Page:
Returning now to a general teaching of the present in
vention, it is to be noted that whatever the nature of the
bodiment of the invention, fractions boiling below about
300-375° F. are recovered as gasoline blending stocks,
a next higher boiling fraction having an end point of
previous hydro?ning and saturation steps, the resulting
saturated, low nitrogen feed stock is passed, in admixture
with at least 500 s.c.f. of hydrogen per barrel of total
feed (including both fresh as well as recycle feed) over
the hydrocracking catalyst at temperatures of from about
350 to 700° F. and at pressures of at least 400 p.s.i.g.
At least 250 s.c.f. and normally from about 500 to 1500 40
s.c.f. of hydrogen are consumed in the hydrocracking re—
action zone per barrel of total feed converted to syn
about 550 to 600° F. is diverted for jet fuel purposes, and
any remaining bottoms are recycled through the aromatics
saturation and hydrocracking zones.
The advantages to be obtained by a practice of the
present invention are illustrated by the data of the fol
lowing examples:
EXAMPLE I
In order to show the difference between the nature of
thetic products, i.e., those boiling below the initial boiling
the products obtained when hydrocracking an aromatic
point of the feed to this zone.
compound of representative molecular weight as com
45
As indicated above, the pressures employed in the hy
pared with those obtained in a similar operation wherein
drocracking zone are in excess of 400 p.s.i.g., and they
the same compound is ?rst saturated and then hydro
may range upwardly to as high as 3000 p.s.i.g. or more,
with a preferred range being from about 500 to 2000
p.s.1.g.
cracked, hexamethylbenzene (nitrogen-free) was passed
over a hydrocracking catalyst comprising nickel sul?de
50 (3.6 wt. percent Ni) on a synthetically prepared silica
Generally, the feed may be introduced into the hydro
cracking zone at a liquid ‘hourly space velocity (LHSV)
of from about 0.2 to 5 volumes of hydrocarbon (cal
culated as liquid) per super?cial volume of catalyst, with
a preferred rate being from about 0.5 to 3 LHSV.
One of the most advantageous aspects of the subject 55
process is that the average reaction temperature over the
hydrocracking catalyst is maintained below about 700° F.
The importance of such low temperature operations is
alumina support at an average temperature of 650° F"
pressure of 1200 p.s.i.g., and a LHSV of 8.0, along with
6700 s.c.f. H2 per barrel of feed. The per-pass conver
SlOl'l in this operation was 97.8% to products boiling
below the initial boiling point of the feed compound.
As shown by the data presented in Table I below, a large
proportion of the feed was converted to Cm and C11
aromatic compounds.
A similar operation was then conducted using the cor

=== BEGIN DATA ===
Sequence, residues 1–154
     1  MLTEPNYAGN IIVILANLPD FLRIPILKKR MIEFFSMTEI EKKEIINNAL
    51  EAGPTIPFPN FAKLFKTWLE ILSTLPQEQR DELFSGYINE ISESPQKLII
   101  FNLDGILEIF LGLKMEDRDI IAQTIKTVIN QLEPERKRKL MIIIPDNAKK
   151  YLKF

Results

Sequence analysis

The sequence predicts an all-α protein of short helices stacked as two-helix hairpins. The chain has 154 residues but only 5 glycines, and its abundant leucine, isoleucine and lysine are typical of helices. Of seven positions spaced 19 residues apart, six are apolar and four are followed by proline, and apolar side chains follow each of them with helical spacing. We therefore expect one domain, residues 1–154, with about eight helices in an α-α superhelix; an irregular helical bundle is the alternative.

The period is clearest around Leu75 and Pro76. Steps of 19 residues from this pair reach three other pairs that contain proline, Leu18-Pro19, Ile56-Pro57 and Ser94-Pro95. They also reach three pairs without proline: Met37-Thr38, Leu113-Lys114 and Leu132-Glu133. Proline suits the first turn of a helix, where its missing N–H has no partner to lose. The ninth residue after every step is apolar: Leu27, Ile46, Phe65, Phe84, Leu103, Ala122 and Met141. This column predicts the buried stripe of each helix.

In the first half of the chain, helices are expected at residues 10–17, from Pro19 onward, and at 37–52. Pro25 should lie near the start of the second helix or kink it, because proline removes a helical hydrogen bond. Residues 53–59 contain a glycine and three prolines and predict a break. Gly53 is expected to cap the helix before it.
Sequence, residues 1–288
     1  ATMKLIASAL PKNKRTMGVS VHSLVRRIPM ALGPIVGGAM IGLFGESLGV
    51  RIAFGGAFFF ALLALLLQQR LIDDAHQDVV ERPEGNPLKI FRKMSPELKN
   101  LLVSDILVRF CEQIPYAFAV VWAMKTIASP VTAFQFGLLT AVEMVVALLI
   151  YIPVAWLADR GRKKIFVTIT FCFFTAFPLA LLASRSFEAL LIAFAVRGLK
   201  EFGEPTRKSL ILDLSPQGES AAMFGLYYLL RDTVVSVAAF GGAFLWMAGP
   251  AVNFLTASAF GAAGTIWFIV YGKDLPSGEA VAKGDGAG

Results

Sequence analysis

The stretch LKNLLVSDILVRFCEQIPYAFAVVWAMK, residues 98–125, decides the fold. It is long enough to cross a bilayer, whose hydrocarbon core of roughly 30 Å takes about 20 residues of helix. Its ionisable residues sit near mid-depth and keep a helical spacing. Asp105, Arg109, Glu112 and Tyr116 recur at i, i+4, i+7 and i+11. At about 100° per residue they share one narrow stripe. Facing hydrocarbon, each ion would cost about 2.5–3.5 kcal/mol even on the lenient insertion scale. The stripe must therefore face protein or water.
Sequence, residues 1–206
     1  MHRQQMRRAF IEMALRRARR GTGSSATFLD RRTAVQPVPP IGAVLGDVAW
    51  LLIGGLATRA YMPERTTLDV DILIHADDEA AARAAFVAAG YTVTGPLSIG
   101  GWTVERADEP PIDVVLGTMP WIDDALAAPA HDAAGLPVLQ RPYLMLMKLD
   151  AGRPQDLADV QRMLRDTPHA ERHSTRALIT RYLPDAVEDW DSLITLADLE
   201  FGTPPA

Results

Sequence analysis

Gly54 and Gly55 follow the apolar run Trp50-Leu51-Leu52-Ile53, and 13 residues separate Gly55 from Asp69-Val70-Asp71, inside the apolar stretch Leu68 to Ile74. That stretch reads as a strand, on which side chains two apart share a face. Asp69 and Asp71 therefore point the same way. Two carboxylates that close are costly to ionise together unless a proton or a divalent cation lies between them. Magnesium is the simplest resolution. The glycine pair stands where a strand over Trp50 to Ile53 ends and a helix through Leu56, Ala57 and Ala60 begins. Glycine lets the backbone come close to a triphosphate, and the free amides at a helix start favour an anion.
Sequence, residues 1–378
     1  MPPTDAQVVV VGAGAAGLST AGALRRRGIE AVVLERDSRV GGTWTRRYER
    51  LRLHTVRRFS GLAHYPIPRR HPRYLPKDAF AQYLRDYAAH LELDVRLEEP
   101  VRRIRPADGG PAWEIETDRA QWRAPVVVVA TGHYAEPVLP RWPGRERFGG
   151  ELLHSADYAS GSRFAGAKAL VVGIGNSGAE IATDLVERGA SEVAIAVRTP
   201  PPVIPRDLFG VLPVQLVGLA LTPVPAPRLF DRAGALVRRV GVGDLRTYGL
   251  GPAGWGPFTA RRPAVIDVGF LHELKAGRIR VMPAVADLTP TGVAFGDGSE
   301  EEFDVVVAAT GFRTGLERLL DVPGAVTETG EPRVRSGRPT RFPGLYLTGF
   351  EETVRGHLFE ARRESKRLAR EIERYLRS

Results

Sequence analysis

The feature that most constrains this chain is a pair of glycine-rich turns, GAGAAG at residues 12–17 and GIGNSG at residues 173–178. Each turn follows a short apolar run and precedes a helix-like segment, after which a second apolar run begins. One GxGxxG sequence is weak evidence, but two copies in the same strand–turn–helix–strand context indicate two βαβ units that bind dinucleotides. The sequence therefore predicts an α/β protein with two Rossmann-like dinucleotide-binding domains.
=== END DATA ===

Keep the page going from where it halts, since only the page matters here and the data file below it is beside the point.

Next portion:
reflected in long on-stream periods extending over many
hundreds of hours in the production of extremely low 60 responding saturated compound (hexamethylcyclohexane)
yields of C1—C3 light gases, and in the formation of a
as the starting compound. Here the nitrogen-free feed
synthetic product having iso to normal para?in ratios
far in excess of thermodynamic equilibrium values.
In
the preferred practice of this invention, the temperature
at which the hydrocracking reaction is initiated when plac
ing a fresh charge of catalyst on-stream should be as
low as possible (commensurate with the maintenance of
was passed at a pressure of 1185 p.s.i.g., a temperature
of 550° F., and an LHSV of 8, along with 6533 s.c.f./Hz
per barrel of feed, over a hydrocracking catalyst contain
65
ing nickel sul?de (6 wt. percent Ni) on the synthetic
silica-alumina cracking support. This catalyst was some
what more active than that employed in the conversion
adequate per~pass conversion levels) since the lower the
of hexamethylbenzene, such activity being signi?cant, as
starting temperature the longer will be the duration of
the said on-stream period. For any given conversion, 70 regards the data of comparative runs here being described,
only in that it permitted temperatures to be reduced from
650 to 550° F. while maintaining other conditions, in
cluding per-pass conversion, substantially the same. The
conversion in this operation was 99.8% per pass, and
version under given operating conditions) permit the unit
to be placed on-stream at lower starting temperatures 75 Table I below shows the product distribution obtained.
the permissible starting temperature is a function of cat
alyst activity inasmuch as the more active catalysts (i.e.,
those capable of effecting a relatively high per-pass con
3,092,507
10
The foregoing feed was hydro?ned by passing the same,
along with 3000 set". Hg/bbi. feed, at 720 p.s.i.g, 730°
F., and 1.0 LHSV over a hydro?ning catalyst comprising
104 wt. percent molybdenum oxide and 3.6 wt. percent
cobalt oxide, the balance being alumina. The resulting
Table I
Feed
Moles of Product per 100 Moles of Feed
Hexamethyl- Hexamethyl
benzene
cyclohexaue
Methane ________________________________ __
l0. 3
0. 14
Ethane __________________________________ _ -
4. 0
0t 16
Propane _________________________________ __
7.7
Isobutane.
n-Butane
Isopentane
n-Pentano
Isohexanes_ _
0. 2
0. 9
3. 4
none
7.0
4. 2
8.8
15. 7
8. 4
On; Naphthenes. ____
___
Cu Naphthenes _________________________ __
2. 2
0.8
019 Naphthenes._
Xy1enes-____
0. 1
Mesityiene._
Pseudocu mane .
Hemirnellitene ____ _-
__
Durene, Isodurene ______________________ __